In her final comment on the ABC TV Insiders program last Sunday, Fran Kelly sent out a stay-calm message that New Zealand introduced same-sex marriage in August 2013 without a problem.
The Radio National Breakfast presenter declared she was providing “some reassurance relief for those who are worried or concerned about religious protections, religious freedoms, if the Yes vote gets up”.
Kelly said Breakfast “had a look at New Zealand … a society very like ours”. She reported that there had been “no concerns of religious freedoms being contested or challenged”. Kelly added that “the churches seem to have no issue” following the changed definition of marriage from that of a union of a man and woman to that of a union between two people.
Reassuring for those whose religious belief teaches that their traditional view of marriage should prevail? No, not really. What Kelly neglected to mention was that in 1990 New Zealand introduced a Bill of Rights Act. This legislation contains substantial civil and political rights.
Section 13 provides that “everyone has the right to freedom of thought, conscience, religion and belief, including the right to adopt and to hold opinions without interference”. Section 14 declares that “everyone has the right to freedom of expression, including the freedom to seek, receive and impart information and opinions of any kind in any form”. And section 15 ensures that “every person has the right to manifest that person’s religion or belief in worship, observance, practice or teaching either individually or in community of others, and either in public or in private”.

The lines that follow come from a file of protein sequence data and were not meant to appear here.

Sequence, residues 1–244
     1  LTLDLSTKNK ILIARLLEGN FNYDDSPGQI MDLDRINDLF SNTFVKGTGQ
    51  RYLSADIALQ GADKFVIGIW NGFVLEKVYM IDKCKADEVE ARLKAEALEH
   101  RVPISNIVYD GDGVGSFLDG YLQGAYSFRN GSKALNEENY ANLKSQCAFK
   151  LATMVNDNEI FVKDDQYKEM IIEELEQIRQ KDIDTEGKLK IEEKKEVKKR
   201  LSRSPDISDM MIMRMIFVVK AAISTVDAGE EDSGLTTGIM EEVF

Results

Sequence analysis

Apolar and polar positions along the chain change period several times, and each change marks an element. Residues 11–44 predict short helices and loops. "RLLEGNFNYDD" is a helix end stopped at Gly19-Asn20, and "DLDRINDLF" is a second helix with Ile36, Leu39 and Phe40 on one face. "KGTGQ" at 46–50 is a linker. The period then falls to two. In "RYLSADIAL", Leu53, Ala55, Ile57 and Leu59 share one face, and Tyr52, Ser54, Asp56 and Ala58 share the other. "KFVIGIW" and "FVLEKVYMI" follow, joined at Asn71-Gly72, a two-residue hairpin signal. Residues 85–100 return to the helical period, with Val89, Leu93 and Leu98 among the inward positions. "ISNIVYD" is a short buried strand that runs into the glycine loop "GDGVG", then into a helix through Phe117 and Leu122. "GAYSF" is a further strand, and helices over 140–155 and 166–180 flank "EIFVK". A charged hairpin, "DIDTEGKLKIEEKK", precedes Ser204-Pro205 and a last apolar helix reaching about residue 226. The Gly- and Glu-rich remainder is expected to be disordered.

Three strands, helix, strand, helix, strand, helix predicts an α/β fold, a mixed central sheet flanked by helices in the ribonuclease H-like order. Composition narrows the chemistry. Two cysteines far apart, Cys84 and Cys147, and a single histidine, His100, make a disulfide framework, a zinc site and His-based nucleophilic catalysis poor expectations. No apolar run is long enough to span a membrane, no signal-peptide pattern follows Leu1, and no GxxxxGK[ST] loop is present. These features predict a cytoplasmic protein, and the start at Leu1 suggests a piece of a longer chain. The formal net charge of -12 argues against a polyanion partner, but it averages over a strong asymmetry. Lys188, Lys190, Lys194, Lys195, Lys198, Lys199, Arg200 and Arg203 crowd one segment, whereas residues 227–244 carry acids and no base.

Clearly these are very broad provisions ensuring freedom of religion and religious belief. What is more, New Zealand has a unitary system of government, so there are no state or provincial governments with their own legislatures or public service.
In Australia, on the other hand, the protection of religion in the Constitution is quite limited. Section 116 merely provides that “the Commonwealth shall not make any law for establishing any religion, or for imposing any religious observance, or for prohibiting the free exercise of any religion, and no religious test shall be required as a qualification for any office or public trust under the Commonwealth”. That’s all.
Moreover, Australia has six state and two territory governments that have their own laws concerning, and institutions to deal with, discrimination.
Section 116 of the Australian Constitution does not even go close to providing the freedom of religion provisions set out in the New Zealand bill of rights.
In an absence of an Australian bill of rights or similar legislation, it is appropriate to ask: if, following a Yes majority in the postal survey, same-sex marriage becomes lawful in Australia, where does that leave believers?